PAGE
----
|Athenry Agricultural College year unknown.|
If one looks back to before the Athenry Agricultural College was built in the early twentieth century, this was an era when the prominent Goodbody family held a large estate at Athenry. They were a Quaker (Religious Society of Friends) family who had come to fore in the nineteenth century.
They had initially started flour-milling enterprises, before branching out into the tobacco and the tea trade, as well as more famously into stock-broking and the law. Most prominent in the family was Marcus Goodbody who married the daughter of the Reverend James Perry, and who had inherited Perry’s Athenry estate during the mid-nineteenth century. At the time of Griffith’s Valuation, the Reverend Perry had held land at Ballygurrane West, today the site of the Agricultural College. The land comprised of 102 acres, 3 roods and 33 perches valued at £73.
Interestingly, the Reverend Perry also purchased the former Oranmore and Browne family estates at Athenry from the Encumbered Estates court in 1850. He was a wealthy Quaker who had successfully backed the builders of the Irish railways and invested in the coalmines in the Ruhr district of Germany. According to a report from the Tuam Herald on 22nd October 1904. the ‘Goodbody estate at Athenry’ was then ‘purchased for migration and division purposes by the Congested Districts Board at a cost of £24000. It comprises of 518 acres of tenanted land and 1,790 untenanted land.’ It wasn’t until November 5th 1904 that the Western People referenced that plans for the estate gave notice that ‘the purchase of this large grazing property, containing over 1,600 acres, has been completed.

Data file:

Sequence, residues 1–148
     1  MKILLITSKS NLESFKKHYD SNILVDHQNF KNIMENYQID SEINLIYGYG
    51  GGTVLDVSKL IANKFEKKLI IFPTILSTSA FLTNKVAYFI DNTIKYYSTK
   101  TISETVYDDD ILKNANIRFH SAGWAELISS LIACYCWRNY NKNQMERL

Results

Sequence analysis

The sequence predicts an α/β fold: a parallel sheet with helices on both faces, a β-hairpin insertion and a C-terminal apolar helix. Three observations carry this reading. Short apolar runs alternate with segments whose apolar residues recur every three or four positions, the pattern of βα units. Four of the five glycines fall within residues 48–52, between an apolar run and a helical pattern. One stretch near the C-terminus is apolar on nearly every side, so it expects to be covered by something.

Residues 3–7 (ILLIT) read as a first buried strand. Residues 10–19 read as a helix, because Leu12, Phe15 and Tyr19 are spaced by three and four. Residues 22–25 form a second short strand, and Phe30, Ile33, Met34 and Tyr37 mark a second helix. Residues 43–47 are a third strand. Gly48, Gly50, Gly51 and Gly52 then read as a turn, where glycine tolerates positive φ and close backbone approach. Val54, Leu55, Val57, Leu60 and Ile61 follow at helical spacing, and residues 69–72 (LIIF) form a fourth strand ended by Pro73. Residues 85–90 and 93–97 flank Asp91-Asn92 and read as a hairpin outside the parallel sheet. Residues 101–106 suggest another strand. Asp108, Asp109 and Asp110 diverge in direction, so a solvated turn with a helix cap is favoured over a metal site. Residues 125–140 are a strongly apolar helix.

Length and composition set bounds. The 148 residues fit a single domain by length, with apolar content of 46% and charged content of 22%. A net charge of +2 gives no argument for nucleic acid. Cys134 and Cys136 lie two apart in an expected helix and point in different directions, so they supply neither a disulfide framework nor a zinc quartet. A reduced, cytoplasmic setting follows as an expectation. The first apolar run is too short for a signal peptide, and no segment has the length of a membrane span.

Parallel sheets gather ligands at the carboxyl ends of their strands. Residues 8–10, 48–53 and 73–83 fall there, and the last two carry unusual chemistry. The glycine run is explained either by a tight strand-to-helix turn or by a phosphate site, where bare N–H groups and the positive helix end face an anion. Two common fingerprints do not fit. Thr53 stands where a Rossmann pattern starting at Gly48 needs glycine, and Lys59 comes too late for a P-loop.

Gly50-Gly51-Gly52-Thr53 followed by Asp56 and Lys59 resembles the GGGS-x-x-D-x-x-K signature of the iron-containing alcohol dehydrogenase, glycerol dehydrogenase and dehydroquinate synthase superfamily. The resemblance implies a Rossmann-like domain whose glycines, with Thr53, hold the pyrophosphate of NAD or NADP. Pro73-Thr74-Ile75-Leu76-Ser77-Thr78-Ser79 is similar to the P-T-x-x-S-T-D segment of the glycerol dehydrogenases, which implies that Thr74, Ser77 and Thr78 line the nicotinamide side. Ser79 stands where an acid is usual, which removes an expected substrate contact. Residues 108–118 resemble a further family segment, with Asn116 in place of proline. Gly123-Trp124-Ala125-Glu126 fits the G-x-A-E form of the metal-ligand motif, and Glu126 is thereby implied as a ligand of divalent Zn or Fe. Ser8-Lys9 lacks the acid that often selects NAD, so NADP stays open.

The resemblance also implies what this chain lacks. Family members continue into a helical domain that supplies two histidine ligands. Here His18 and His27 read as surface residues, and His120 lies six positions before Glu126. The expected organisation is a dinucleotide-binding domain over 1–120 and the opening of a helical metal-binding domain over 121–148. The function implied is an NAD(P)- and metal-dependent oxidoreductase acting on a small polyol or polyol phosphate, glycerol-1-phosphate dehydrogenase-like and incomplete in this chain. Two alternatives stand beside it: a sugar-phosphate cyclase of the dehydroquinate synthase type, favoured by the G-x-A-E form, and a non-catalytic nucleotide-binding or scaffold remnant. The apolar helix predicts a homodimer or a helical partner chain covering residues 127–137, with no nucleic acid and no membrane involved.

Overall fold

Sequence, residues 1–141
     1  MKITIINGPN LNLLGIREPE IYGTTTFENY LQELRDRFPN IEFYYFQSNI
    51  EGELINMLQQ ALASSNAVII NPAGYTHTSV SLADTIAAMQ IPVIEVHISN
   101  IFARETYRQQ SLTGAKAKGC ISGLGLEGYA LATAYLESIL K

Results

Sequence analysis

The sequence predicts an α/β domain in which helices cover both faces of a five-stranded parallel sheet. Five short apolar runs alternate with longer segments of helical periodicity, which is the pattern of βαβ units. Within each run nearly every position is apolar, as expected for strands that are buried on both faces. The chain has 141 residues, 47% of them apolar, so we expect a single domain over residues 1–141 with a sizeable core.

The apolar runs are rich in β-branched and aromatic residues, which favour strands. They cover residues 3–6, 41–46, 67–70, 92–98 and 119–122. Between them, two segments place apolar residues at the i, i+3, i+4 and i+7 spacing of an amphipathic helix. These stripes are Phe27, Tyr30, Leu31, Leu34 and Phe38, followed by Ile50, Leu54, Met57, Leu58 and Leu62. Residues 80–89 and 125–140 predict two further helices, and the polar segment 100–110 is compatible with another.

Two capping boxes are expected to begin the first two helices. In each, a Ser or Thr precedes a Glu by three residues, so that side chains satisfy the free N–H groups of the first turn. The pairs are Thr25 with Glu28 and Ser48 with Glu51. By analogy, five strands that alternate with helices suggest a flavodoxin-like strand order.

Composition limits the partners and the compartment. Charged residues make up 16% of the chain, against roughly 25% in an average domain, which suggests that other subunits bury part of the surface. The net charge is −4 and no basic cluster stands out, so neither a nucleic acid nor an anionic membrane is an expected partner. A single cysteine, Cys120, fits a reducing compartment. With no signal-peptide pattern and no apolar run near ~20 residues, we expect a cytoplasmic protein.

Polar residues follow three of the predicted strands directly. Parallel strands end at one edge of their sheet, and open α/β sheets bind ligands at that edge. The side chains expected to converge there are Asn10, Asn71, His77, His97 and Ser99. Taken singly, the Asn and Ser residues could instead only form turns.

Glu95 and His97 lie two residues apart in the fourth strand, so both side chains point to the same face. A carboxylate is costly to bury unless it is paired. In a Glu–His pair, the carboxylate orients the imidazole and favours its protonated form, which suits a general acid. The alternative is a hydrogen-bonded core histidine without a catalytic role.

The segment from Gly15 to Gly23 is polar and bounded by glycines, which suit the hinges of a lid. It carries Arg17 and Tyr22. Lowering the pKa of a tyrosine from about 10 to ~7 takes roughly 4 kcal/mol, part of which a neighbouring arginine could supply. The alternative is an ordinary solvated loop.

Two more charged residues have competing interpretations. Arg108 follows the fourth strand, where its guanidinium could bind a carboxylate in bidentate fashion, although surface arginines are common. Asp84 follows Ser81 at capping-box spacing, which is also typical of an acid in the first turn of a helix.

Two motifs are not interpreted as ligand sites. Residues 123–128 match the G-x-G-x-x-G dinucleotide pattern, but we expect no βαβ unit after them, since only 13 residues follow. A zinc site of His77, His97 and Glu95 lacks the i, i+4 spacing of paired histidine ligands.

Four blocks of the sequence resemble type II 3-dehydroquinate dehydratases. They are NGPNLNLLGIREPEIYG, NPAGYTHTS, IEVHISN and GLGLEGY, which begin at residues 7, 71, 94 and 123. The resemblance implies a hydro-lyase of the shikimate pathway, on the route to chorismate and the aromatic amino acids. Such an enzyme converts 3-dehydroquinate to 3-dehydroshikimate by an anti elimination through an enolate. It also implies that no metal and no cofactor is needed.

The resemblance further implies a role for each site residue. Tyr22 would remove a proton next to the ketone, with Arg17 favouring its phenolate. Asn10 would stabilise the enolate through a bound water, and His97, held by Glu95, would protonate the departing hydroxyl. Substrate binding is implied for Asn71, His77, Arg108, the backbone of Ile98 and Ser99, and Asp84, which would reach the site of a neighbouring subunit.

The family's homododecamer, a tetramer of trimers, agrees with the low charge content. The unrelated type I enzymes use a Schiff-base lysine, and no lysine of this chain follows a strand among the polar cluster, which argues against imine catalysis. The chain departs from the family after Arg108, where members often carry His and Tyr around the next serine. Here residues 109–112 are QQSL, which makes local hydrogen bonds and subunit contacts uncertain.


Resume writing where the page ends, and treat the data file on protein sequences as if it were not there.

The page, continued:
We learn on very good authority that it is intended to make it the home of the proposed Agricultural College for the Province of Connaught, it is situated near the important railway junction of Athenry being considered a most desirable and convenient one’. There would be a long wait however. In April 1903, an inspector from the Department of Agriculture and Technical Instruction visited Moyode Castle to see if it was a more suitable site for an agricultural college for Galway.
The location had been proposed by the Chairman of the County Galway Committee of Agricultural Instruction and the Chairman of the County Galway Committee of Technical Instruction. It was though eventually decided that the location was unsuitable for an agricultural college. In 1905, a balance of £35,000 was used to meet expenditure on marine works in the region; new buildings and equipment of the Albert Agricultural College and also Athenry.
There were nine farm apprentices in residence at the Agricultural station in 1907 and one vacancy. One teacher was employed in addition to the farm manager, whose duties included instruction in practical agriculture. The extent of land crop last year was 230 acres. The cost of maintaining the start was £917, including the salaries, wages, and general up-keep of the station.
Besides the use for teaching purposes the station was utilised as a distributing centre for the operations of the department’s livestock scheme in the West of Ireland. In June 1907, a sum of £10,000 was provisionally allocated for the erection of an Agricultural College at Athenry.